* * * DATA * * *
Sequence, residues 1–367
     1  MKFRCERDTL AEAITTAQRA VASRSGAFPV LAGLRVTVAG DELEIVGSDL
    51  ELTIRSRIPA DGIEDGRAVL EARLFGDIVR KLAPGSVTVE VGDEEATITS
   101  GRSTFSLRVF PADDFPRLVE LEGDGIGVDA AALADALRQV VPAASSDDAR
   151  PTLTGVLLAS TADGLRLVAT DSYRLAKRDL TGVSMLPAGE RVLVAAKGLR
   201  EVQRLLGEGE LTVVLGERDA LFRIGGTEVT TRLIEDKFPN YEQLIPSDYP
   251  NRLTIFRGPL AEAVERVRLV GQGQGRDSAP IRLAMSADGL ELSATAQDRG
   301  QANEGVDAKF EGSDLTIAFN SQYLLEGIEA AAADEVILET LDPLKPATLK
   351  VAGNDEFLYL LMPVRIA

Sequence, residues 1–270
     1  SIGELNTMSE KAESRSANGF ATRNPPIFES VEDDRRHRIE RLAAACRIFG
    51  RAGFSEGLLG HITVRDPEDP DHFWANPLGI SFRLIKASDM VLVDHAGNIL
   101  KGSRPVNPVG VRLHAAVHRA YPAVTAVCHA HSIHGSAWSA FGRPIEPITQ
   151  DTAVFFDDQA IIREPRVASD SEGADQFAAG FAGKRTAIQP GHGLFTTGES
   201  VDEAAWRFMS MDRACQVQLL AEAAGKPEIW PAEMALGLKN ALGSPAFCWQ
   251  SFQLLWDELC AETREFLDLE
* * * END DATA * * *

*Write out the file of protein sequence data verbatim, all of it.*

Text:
Sequence, residues 1–367
     1  MKFRCERDTL AEAITTAQRA VASRSGAFPV LAGLRVTVAG DELEIVGSDL
    51  ELTIRSRIPA DGIEDGRAVL EARLFGDIVR KLAPGSVTVE VGDEEATITS
   101  GRSTFSLRVF PADDFPRLVE LEGDGIGVDA AALADALRQV VPAASSDDAR
   151  PTLTGVLLAS TADGLRLVAT DSYRLAKRDL TGVSMLPAGE RVLVAAKGLR
   201  EVQRLLGEGE LTVVLGERDA LFRIGGTEVT TRLIEDKFPN YEQLIPSDYP
   251  NRLTIFRGPL AEAVERVRLV GQGQGRDSAP IRLAMSADGL ELSATAQDRG
   301  QANEGVDAKF EGSDLTIAFN SQYLLEGIEA AAADEVILET LDPLKPATLK
   351  VAGNDEFLYL LMPVRIA

Sequence, residues 1–270
     1  SIGELNTMSE KAESRSANGF ATRNPPIFES VEDDRRHRIE RLAAACRIFG
    51  RAGFSEGLLG HITVRDPEDP DHFWANPLGI SFRLIKASDM VLVDHAGNIL
   101  KGSRPVNPVG VRLHAAVHRA YPAVTAVCHA HSIHGSAWSA FGRPIEPITQ
   151  DTAVFFDDQA IIREPRVASD SEGADQFAAG FAGKRTAIQP GHGLFTTGES
   201  VDEAAWRFMS MDRACQVQLL AEAAGKPEIW PAEMALGLKN ALGSPAFCWQ
   251  SFQLLWDELC AETREFLDLE